HL Deb 09 March 1883 vol 276 cc1889-93

I wish to ask the Secretary of State for Foreign Affairs, Whether it is in the contemplation of Her Majesty's Government to recognize the claim of Portugal to dominion over the territory adjoining the River Congo; and, if so, whether he has reason to anticipate that the policy that has hitherto prevailed in that territory will not be reversed in regard to the Slave Trade and freedom of commerce? I have been prompted in this matter by the alarm of the manufacturers and merchants concerned in the trade of this district. They are of opinion that if the Portuguese should succeed in exercising a Sovereign jurisdiction over the Native Tribes of that country, the restrictive and obstructive policy which has hitherto been characteristic of the Portuguese Government would seriously interfere with the existing trade, and would also prevent that full development of it which is now anticipated. There is every reason to believe that hereafter the River Congo may become the great highway to Inland Tribes, who are industrious and peaceful, and ready to enter into commercial relationship with Europeans. The civilization of these African Tribes appears to depend in a great measure upon free and legitimate commerce with Europeans; and, therefore, all who are interested in the development of the civilization of the African Tribes must be interested in the answer that the noble Earl will give to my Question.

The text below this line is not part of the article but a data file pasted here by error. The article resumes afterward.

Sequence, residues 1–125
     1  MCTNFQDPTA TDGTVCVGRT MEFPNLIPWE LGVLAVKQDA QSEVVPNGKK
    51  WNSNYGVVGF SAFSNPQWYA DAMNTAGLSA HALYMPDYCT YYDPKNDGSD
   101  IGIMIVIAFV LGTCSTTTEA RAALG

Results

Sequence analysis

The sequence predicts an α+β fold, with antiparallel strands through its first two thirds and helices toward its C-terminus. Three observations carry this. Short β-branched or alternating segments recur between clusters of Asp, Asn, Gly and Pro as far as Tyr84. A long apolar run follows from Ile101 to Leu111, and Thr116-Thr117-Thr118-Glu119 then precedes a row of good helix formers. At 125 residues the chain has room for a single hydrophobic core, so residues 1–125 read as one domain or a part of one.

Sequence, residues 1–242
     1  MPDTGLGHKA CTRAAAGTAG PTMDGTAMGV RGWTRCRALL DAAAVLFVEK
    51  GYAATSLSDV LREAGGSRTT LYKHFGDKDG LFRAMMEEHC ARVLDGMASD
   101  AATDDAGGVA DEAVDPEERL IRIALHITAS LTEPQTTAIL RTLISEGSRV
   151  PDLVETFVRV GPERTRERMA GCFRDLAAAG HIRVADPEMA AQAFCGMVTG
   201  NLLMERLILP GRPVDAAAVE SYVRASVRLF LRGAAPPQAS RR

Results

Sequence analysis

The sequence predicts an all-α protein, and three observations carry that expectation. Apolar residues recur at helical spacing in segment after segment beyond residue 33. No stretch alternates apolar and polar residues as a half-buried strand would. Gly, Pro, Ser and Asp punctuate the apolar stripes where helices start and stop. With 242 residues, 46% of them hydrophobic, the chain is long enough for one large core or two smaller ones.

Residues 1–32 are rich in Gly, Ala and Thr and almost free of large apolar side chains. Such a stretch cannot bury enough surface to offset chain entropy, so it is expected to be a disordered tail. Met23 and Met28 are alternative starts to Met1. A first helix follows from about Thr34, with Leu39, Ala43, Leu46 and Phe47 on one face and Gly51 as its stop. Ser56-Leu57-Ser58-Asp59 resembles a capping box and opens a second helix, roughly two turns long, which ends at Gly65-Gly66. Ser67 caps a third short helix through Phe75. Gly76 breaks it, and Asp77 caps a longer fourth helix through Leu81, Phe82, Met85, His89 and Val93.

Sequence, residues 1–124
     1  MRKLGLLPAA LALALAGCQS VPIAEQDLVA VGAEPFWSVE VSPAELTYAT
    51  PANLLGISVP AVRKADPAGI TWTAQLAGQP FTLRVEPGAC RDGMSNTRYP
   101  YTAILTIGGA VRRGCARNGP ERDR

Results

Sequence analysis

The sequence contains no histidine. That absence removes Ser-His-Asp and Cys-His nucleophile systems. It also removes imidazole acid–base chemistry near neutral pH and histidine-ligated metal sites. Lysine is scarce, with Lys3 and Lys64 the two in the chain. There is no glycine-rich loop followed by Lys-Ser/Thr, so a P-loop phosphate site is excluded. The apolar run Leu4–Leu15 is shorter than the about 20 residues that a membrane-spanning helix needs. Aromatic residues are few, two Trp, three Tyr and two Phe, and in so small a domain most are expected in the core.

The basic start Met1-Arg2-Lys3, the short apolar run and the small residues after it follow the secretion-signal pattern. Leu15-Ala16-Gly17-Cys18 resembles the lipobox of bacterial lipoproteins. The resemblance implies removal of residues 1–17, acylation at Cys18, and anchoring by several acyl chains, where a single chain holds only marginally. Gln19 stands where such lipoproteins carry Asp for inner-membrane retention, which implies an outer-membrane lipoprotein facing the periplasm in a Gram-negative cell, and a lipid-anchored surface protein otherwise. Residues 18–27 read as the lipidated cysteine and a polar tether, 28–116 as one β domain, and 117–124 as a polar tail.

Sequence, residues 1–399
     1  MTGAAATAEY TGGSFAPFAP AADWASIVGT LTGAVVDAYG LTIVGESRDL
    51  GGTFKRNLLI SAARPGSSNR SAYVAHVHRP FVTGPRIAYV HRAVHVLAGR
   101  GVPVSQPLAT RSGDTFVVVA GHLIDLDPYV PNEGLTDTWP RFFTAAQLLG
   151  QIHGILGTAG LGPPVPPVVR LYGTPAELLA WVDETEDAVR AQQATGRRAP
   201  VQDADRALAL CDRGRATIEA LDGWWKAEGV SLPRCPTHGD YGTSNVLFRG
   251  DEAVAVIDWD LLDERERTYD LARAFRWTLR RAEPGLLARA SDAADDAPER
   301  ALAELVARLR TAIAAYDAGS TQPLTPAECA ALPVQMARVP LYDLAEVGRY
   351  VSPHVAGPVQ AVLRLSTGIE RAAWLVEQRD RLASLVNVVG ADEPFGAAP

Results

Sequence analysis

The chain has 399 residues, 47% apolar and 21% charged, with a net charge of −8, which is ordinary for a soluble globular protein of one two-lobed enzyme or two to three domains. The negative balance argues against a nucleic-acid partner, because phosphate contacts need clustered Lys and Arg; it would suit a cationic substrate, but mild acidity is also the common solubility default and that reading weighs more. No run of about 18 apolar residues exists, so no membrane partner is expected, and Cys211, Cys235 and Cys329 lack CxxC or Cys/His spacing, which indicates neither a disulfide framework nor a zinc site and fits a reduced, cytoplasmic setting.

I am glad that the noble Lord has put this Question to me, as it will enable me, I trust, to put an end to misapprehensions which seem to exist, and which, to a certain degree, are shared by himself, as to this important matter. It appears to be supposed by some that Her Majesty's Government propose to give up a vast extent of territory which belongs to this country, with some vague hope that the Portuguese will furnish an obstacle to the ambitious designs of other Powers. The noble Lord is not misinformed to this extent; but even he has considerable misapprehensions on the subject. I do not think it is unnatural that those who have taken a great interest, either in the question of slavery or as to the question of religious efforts, or on questions of trade and commerce in these countries, should feel most sensitive with regard to any proceedings that are likely to be taken. It is not so very long ago that the interests of Europeans in the Congo and other African Rivers were centred in the desire of monopolizing the Slave Trade in them. It will be a great glory for this country that she took the lead in reversing this policy and leading the way to a suppression of this abominable traffic. But a great change has come over the African question. The labours of men like Livingstone, of Stanley, and others, have given us a knowledge of the physical character of Central Africa, and of the populations which inhabit it, showing that there are great capabilities for the development of trade, and we are now better informed as to the civilizing effects which are the sure results of commerce. The work of the Philanthropic International Association, in which the King of the Belgians takes a great interest, the mission of M. do Brazza, the increasing trade in different degrees of the English, the Portuguese, the French, the Germans, the Dutch, and the Belgians on the Congo and its banks, is acting as a stimulus, and affords grounds why no reasonable endeavours should be neglected to insure freedom of commerce and navigation, and to anticipate possible jealousies, which so easily check trade, and which, under the pretence of securing peculiar advantages to some, are really injurious to all. There is much now which is not satisfactory on the Congo. In those territories which we acknowledge to belong to Portugal, complaints are made of high duties, of a differential treatment of the foreign and Portuguese flags, of arbitrary fines, and of other vexations, all of which are great impediments to commercial intercourse. On the Congo itself the Portuguese declare that the Slave Trade is entirely at an end; and there can be no doubt that it is greatly diminished, partly owing to the ceasing of the Transatlantic demand for slaves, partly to our efforts, and partly to a change of policy on the part of the Portuguese Government. But this is not in the least the case as regards East Africa, where we struggle at great disadvantage when trying to suppress the Slave Trade, in consequence of the want of a proper understanding with the Portuguese Government. But there are territories on the Congo to which the Portuguese lay a claim, in the most solemn manner in which it is possible for a nation to put it forward, by diplomatic declarations and by legislative enactments, which, however, have been as constantly repudiated and resisted by us as a matter of right. Successive Secretaries for Foreign Affairs have stated that the fear of encouraging the Slave Trade, and the danger of interference with our commerce, were the political reasons which induced them to lay further stress on the matter of right. The present state of these territories is unsatisfactory as regards the present and the future. It is true that there are many respectable firms who manage to work fairly and harmoniously with the Natives. But it cannot be denied that there is no acknowledged jurisdiction; that in places anarchy prevails; that there are many cases of practical slavery, of cruelty, and then of retaliatory outrages, without any opportunity for redress. It became thus a matter of some urgency to consider whether, without abandoning our position as to the matter of right, the political objections to which I have alluded could in any way be met. An important interchange of views took place in 1881 between our Minister, Mr. (now Sir) Robert Morier, and M. de Serpa, who initiated it. In last October, 1882, M. de Serpa renewed this conversation. The chief object of Her Majesty's Government in assenting to the renewal of the conversation was stated by me to be the abolition of slavery, and the civilization of Africa by the extension of legitimate commerce. The Portuguese Government declared, in still more emphatic terms, that their objects were the same. They gave proof of their being in earnest by expressing their assent to the perfectly free navigation, not only of the Congo, but of other African Rivers, which are arteries of trade; and agreed not only to establish in the territories which we have not recognized as belonging to Portugal, but in all the African possessions of Portugal, the liberal commercial system which was established in 1877 in Mozambique. The general principles of the agreement do not offer any difficulty; but I am far from being sure of coming to an understanding on the conditions which in our view are indispensable. It may be convenient that I should state what appear to us to be essential points. I need not say, in the first place, that the agreement as to dealing with slavery must be complete. In the second place, it is necessary there should be complete security that undue burdens, which do not now exist, should not be placed in any part of the Portuguese possessions upon missionaries, shipowners, or traders. I said that it was supposed by some that we were giving away boundless territory which belonged to us; but, in reality, we are doing no such thing. What we propose is that, without receding from the position of legality as to the right which is claimed, we should agree, on the conditions which we have stated, together with some arrangements of a satisfactory character as to Whydah, to withdraw our objections for the future to Portuguese jurisdiction, within certain defined geographical limits. This engagement ought not to be merely of a bilateral character; and we will, therefore, give our full support to Portugal to obtain a similar assent from other Powers. I am far from being certain that these negotiations will be successful; but if a good Treaty is obtained—and a bad one would be worse than nothing—I believe we shall strengthen the general principle of freedom of navigation and commerce in the great rivers of the world, and that in Africa itself we shall greatly advance the interests of civilization and of commerce. It has been asked what security shall we have that the Portuguese will observe the conditions of any Treaty? This is an argument which, if valid, is fatal to all Treaties. It would be unbecoming in my position to admit that this result would be likely to happen; but, admitting it hypothetically, I would ask how should we have less moral and physical power to enforce the conditions of a Treaty to which Portugal has consented, than that by which we now resist the claim of Sovereignty which Portugal so strongly asserts? It would be wrong of me to go into great detail on matters which are under negotiation; but I trust that the statement which I have made of the general character of the negotiations will be sufficient to enable this House to judge of the principles on which Her Majesty's Government are acting.